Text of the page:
- This program has passed.
FJI Author Series: Threatening Property
Friday, September 20, 2019|1:00 pm - 3:00 pm UTC
A Reading Discussion and Lunch for Judges with the Author, Elizabeth A. Herbin-Triant
From the Publisher: “White supremacists determined what African Americans could do and where they could go in the Jim Crow South, but they were less successful in deciding where black people could live because different groups of white supremacists did not agree on the question of residential segregation. In Threatening Property, Elizabeth A. Herbin-Triant investigates early-twentieth-century campaigns for residential segregation laws in North Carolina to show how the version of white supremacy supported by middle-class white people differed from that supported by the elites. Class divides prevented Jim Crow from expanding to the extent that it would require separate neighborhoods for black and white southerners as in apartheid South Africa.
Herbin-Triant details the backlash against the economic successes of African Americans among middle-class whites, who claimed that they wished to protect property values and so campaigned for residential segregation laws both in the city and the countryside, where their actions were modeled on South Africa’s Natives Land Act. White elites blocked these efforts, primarily because it was against their financial interest to remove the black workers that they employed in their homes, farms, and factories. Herbin-Triant explores what the split over residential segregation laws reveals about competing versions of white supremacy and about the position of middling whites in a region dominated by elite planters and businessmen. An illuminating work of social and political history, Threatening Property puts class front and center in explaining conflict over the expansion of segregation laws into private property.”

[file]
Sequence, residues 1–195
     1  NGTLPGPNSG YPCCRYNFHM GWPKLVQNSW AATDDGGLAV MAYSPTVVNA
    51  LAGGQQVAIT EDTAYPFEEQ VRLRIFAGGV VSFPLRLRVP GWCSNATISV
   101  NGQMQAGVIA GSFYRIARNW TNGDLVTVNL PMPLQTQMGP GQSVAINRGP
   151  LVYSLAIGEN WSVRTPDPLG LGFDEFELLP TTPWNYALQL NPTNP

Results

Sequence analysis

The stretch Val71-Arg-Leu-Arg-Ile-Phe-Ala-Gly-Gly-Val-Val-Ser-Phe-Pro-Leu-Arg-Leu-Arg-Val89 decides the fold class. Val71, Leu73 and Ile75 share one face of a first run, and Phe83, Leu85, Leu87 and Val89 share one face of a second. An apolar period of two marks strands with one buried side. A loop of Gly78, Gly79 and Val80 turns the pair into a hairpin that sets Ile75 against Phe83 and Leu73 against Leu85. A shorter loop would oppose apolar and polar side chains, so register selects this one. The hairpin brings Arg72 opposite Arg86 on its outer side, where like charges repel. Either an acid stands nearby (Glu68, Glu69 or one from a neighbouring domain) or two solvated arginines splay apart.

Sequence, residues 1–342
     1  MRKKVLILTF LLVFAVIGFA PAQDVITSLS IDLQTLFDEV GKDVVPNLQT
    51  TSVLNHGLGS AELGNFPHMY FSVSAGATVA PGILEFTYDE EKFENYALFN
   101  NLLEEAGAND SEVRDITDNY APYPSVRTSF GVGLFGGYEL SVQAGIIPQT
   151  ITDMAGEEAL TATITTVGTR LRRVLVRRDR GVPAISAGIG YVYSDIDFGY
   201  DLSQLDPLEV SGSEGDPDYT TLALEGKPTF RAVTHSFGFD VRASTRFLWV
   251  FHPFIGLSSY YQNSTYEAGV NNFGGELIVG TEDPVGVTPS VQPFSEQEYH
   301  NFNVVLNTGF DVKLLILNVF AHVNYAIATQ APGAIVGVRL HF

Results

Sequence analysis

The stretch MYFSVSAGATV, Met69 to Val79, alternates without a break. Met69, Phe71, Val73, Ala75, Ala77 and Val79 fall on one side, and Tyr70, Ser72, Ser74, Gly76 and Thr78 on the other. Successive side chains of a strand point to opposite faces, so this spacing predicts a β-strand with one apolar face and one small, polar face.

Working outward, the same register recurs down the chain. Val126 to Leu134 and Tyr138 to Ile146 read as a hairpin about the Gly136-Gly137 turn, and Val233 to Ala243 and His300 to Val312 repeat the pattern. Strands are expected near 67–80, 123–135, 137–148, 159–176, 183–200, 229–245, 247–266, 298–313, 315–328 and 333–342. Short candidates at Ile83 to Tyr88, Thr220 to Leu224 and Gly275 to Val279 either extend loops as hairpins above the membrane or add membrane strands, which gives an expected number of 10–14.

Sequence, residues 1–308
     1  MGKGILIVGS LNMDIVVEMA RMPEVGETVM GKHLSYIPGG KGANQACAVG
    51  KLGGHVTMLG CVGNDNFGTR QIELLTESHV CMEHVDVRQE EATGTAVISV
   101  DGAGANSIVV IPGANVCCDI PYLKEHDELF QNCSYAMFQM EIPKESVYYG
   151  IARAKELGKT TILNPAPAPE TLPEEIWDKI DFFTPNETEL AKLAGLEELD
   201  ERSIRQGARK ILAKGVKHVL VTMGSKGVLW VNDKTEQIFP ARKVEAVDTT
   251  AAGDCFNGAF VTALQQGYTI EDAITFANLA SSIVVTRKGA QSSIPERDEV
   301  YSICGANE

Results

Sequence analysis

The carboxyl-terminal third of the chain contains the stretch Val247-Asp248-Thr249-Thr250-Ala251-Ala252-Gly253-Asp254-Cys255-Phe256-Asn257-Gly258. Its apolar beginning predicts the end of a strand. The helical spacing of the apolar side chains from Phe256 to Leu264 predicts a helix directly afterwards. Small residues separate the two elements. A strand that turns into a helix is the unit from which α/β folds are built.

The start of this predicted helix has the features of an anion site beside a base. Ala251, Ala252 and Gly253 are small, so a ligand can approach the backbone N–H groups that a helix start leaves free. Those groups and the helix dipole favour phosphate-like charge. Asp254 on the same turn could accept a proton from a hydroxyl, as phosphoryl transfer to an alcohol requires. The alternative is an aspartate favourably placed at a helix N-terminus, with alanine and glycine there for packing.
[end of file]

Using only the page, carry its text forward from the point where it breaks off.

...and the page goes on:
Elizabeth Herbin-Triant is an assistant professor in the Department of History at the University of Massachusetts Lowell. She is a United States historian with particular interests in the South and African-American history. Her book, Threatening Property: Race, Class, and Campaigns to Legislate Jim Crow Neighborhoods, was published by Columbia University Press in the spring of 2019 in the series Studies in the History of U.S. Capitalism. Herbin-Triant’s essays have appeared in publications including The Washington Post, The Journal of Southern History, and Agricultural History.
Please note: Program participants will have the opportunity to read and discuss Threatening Property with the author in an informal round table setting. Participation will be limited, so please register early. A complimentary copy of the book will be mailed to you. Lunch will be available at the program.